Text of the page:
Endocrine practice : official journal of the American College of Endocrinology and the American Association of Clinical Endocrinologists 2017 07 06() doi 10.4158/EP171816.OR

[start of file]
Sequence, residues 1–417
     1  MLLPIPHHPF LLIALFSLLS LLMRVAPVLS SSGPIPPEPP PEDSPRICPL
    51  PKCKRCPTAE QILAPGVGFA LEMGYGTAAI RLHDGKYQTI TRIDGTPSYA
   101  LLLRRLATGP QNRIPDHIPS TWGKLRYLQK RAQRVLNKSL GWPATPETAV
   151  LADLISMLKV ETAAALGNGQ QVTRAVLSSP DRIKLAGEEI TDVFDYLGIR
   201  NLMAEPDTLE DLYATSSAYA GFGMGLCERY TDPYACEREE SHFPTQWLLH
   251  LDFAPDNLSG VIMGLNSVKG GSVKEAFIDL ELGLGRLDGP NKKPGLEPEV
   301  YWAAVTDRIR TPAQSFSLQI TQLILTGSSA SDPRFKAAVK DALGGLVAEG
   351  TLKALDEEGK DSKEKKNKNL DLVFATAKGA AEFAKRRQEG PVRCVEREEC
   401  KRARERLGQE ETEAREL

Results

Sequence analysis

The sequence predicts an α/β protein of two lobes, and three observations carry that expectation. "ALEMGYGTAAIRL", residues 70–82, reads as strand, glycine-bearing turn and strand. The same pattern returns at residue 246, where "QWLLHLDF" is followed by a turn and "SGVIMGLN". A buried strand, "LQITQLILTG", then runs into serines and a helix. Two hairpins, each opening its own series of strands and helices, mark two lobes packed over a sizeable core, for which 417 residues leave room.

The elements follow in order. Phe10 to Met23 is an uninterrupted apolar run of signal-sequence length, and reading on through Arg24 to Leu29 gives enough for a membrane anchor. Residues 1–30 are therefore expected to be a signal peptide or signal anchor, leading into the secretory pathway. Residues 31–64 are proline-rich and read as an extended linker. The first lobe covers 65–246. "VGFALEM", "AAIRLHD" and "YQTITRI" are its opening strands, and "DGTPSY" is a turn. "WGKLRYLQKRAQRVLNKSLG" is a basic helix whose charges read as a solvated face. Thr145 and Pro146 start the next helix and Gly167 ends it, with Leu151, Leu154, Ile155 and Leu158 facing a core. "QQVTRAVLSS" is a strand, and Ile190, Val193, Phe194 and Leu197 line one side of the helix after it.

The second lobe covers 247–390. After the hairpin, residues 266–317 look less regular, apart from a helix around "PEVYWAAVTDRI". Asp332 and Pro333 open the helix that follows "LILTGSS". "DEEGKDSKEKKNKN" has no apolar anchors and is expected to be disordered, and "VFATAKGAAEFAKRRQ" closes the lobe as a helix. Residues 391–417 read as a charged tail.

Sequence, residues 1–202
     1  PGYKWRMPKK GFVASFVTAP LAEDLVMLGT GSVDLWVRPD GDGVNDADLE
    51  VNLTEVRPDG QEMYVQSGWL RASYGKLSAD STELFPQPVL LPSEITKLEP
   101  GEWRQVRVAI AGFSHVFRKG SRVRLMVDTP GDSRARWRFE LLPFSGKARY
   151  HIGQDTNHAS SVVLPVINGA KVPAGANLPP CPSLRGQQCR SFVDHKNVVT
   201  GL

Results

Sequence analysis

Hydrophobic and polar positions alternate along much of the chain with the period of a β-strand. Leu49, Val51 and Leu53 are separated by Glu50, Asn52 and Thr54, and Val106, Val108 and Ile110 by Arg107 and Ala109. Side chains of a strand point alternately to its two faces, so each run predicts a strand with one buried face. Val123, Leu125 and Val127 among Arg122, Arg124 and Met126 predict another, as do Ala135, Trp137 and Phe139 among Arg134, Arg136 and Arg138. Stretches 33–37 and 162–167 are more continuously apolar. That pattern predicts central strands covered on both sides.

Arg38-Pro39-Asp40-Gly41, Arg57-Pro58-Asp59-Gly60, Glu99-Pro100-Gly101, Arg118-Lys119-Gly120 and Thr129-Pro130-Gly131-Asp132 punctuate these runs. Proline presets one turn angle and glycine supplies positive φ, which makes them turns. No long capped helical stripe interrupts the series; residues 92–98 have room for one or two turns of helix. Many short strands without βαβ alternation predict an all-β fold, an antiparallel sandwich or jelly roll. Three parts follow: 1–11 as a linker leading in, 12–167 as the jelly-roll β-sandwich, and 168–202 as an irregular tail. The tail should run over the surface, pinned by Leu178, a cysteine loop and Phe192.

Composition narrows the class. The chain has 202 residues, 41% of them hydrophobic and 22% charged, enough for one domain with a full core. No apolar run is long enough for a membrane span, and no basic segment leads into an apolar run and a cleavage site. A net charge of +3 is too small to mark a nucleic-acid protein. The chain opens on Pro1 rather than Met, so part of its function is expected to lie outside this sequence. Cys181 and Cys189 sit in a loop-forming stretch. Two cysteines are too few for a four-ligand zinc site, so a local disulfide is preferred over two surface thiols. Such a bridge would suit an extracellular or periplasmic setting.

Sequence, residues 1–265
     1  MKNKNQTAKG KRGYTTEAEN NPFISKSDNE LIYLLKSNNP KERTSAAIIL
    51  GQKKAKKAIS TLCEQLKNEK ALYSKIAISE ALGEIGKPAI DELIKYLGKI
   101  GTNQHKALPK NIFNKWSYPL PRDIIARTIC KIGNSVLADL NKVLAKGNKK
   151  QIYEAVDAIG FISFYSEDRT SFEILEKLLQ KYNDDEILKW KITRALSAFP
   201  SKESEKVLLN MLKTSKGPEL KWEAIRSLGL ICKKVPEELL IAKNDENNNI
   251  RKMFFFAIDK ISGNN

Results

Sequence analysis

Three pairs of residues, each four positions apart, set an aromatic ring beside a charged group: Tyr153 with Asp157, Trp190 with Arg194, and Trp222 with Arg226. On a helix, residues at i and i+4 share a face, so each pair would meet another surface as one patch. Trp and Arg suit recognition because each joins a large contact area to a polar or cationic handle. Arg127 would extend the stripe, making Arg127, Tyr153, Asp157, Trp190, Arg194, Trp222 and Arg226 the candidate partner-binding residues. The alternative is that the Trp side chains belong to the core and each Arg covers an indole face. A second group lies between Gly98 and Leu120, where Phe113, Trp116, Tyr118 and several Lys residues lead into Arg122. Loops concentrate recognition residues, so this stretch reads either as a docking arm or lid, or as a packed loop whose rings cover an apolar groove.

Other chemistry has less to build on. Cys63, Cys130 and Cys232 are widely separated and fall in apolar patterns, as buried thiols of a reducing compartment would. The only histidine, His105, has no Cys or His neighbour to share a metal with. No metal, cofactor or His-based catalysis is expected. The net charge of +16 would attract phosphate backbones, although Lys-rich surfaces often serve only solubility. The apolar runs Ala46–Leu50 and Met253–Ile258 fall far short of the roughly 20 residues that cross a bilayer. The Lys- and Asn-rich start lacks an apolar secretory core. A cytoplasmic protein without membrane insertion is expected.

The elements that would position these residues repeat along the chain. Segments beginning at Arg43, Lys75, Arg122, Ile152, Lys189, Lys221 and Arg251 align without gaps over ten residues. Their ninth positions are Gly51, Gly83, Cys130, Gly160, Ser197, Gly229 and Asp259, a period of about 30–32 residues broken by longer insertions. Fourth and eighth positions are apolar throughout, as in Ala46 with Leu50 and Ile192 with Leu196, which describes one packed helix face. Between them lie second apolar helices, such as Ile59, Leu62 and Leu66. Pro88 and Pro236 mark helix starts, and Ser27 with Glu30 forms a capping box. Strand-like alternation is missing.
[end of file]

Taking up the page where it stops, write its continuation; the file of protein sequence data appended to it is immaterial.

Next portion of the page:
Objective With advances in the treatment of HIV infections, the life expectancy of people living with HIV (PWH) is fast approaching that of the general population. Endocrine and metabolic disorders occur more frequently in PWH than in the general population. This study assesses the knowledge, practice patterns and confidence levels among endocrinology trainees in Singapore in managing endocrine disorders in PWH. Methods An anonymous 31-item survey was administered to 23 endocrinology trainees. Four domains were assessed: (1) Previous exposure to endocrine disorders in PWH; (2) Attitudes towards treating PWH; (3) Case studies in endocrinology designed to assess for differences in treatment philosophy between a PWH and a non-infected counterpart; and (4) Confidence in managing endocrine disorders in PWH. Results The participation rate was 73.9%, with the majority of trainees (88.2%) having managed fewer than 5 PWH with endocrine disorders. 94.1% of the trainees had little or no hesitation in treating PWH, but more than half (58.8%) felt inadequate in confidently managing them. 82.4% deemed HIV Endocrinology as an emerging field and were open to the idea of pursuing it as a subspecialty in the future. Reassuringly, most trainees would not compromise medical treatment for a PWH if it were indicated. More than half were ambivalent about prescribing cross-hormonal therapy to transgender individuals. Conclusion Endocrinology trainees feel that while HIV Endocrinology is an emerging field, they lack exposure, training and confidence in the management of these patients. Although they would treat medical conditions well, they lacked knowledge in hormonal treatment of transgender individuals.